So the evening before the “sex talk,” I had cried myself to sleep, rubbing my tummy, and hiding the tears from my sister. “What if I’m pregnant? She said that it’s magic.” I remember that I convinced myself that there was a baby growing in my tummy just like her; I believe in magic. I crawled between my snuggling parents and my mom said, “what is it sweetie?” “Mommy, how did I get here? Was it magic?” My dad giggled and climbed out of bed, adjusting his boxers and v-neck t-shirt, and lumbered down the hall to fulfill his morning ritual; first stop, the can, second stop, the kitchen radio, third stop, the coffee maker. My mom watched him go, and they glanced at each other knowingly, but she had the look of “thanks a lot Harry,” in her eyes.

So she climbed up in bed, and I snuggled into my dad’s side, still warm from recent slumber. “Well,” she said, rolling over toward me, pulling the cover over her shoulder and smoothing it around me, “You see,” she was searching, “I have a beautiful garden inside my tummy.” She placed her hand on her stomach, and all I could picture was my Nanny and Poppa’s strawberry patch and peach orchard. “Your dad,” she said endearingly, “has a special seed ...and he planted his seed in my garden.” She smiled softly. Thank god she told me that before I discovered Cabbage Patch Kids, or I would’ve wondered why my bum hadn’t been signed. “And that’s how Amber and I were born...” I leaned back and stared at the hairline cracks in the plaster ceiling that looked like my Fischer Price United States puzzle. “In a round about way, yes.” My mom has always loved to speak in metaphors.

I remember that I was satisfied with her response, and began to climb out of their bed, “So there’s no chance that I am going to have a baby?” My mom started laughing hysterically, “No sweetie, don’t you worry.” I didn’t worry for a long time Briar, until one day, a year later, in our first grade class, the same class that we had the circus parade. We were doing an agriculture project, and learning about farmers, do you remember? Each of us received a paper cup from Mrs. Overdorf, and we had to fill it with dirt and corn seeds, among other things. We were going to plant our seedlings outside after we had nurtured them in the window for a while.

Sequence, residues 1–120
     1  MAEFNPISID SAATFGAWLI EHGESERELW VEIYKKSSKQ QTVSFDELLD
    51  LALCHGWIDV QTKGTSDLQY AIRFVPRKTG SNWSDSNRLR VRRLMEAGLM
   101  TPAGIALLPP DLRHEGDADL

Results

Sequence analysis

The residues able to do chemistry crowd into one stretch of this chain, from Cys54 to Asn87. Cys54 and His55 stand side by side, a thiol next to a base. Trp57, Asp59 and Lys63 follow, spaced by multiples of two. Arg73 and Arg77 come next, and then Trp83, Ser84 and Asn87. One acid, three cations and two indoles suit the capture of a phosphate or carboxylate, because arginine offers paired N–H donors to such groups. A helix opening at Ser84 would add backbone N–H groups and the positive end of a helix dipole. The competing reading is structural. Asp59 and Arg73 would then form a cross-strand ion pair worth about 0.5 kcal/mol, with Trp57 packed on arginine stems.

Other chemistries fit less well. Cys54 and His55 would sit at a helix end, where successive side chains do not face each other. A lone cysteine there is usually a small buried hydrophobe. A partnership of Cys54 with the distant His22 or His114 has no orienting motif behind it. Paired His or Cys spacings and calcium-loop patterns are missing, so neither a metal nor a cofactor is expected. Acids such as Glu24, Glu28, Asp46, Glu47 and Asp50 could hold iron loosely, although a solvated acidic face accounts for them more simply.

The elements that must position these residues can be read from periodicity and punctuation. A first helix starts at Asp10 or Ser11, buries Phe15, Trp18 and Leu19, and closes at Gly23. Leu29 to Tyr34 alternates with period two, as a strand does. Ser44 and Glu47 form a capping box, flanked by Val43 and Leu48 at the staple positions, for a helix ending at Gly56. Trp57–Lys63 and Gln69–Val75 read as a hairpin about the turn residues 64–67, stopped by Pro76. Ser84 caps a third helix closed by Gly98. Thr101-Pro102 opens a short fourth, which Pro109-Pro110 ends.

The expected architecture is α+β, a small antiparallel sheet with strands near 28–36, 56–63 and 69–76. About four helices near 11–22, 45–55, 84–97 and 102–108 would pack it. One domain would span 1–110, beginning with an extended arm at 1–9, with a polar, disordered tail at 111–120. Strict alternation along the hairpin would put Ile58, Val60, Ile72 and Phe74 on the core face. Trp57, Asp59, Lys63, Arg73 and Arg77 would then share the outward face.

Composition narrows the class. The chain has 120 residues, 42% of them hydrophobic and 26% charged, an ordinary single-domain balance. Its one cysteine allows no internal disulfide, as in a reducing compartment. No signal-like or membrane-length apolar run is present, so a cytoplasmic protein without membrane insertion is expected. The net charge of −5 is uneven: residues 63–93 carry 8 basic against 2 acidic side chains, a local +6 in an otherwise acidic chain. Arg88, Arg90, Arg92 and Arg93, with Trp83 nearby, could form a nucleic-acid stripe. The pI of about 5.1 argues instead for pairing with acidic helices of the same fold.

I received my cup, filled it with dirt, and panicked when the student teacher, Mr. Santiago came around and gave us seeds to put in our cup. He placed them in my palm, and I kept counting them over and over again, making sure that I knew how many I was putting in my cup before I placed it on the windowsill with the rest. Somehow, I was distracted; I cannot remember if I fell, or if Mrs. Overdorf began to give directions, but I had forgotten how many seeds I had in my hand; I panicked. “Oh no,“ I thought, “I ate one! I’m going to have a baby!”

I swore that I felt the seed trapped in the back of my first grade throat, and I started to cough terribly, in an attempt to dislodge it. When the teacher came over to me asking what was wrong, I started to cry and looked at her desperately, “I think I swallowed a seed!” She ran and got the packet of seeds to look up whether or not they were toxic, while Mr. Santiago comforted me, and Chris Lieberman a classmate and neighbor of mine growing up came up to me and said, “what’s wrong?” “I swallowed a seed,” I said, as if he knew the consequences. He started to laugh and said, “Uh oh, your going to have a big watermelon growing in your tummy and corn stalks growing out of your nose and ears!” With that I cowered even more, and Mrs. Overdorf had to escort me to the nurse’s office, where they asked me why I was so upset; the seed wouldn’t hurt me. “Honey, accidents happen,” said the nurse with the beehive that I always thought was detachable. How else could she have slept at night?

I proceeded to explain to them that I felt that I was too young to have a baby, and I wasn’t ready. They all held back their laughter, and asked me to explain to them why I thought swallowing a seed would make me pregnant ...so I did. I was escorted into another room and given a snack and a blanket to calm me down, while the nurse called my mom from her office. I remember I could hear the nurse speaking in muffled tones between hushed giggles, and 20 minutes later my mom was there to take me home, and to reassure me that I wasn’t going to have a baby. On the ride home, I remember feeling so much better, until I began to doze off and I swore that I felt corn creeping up the back of my throat, and I had a funny tickle in my nose and ears, too.

Who says that physiological ailments cannot be caused by the mind, or healed for that matter? If all else fails, they can definitely be helped by a mother’s kind word, a snack and a blanket. That should be one of the universal truths. Do you agree?
Love, Ana

And to avoid any misunderstandings such as above... Required Reading Recommendation!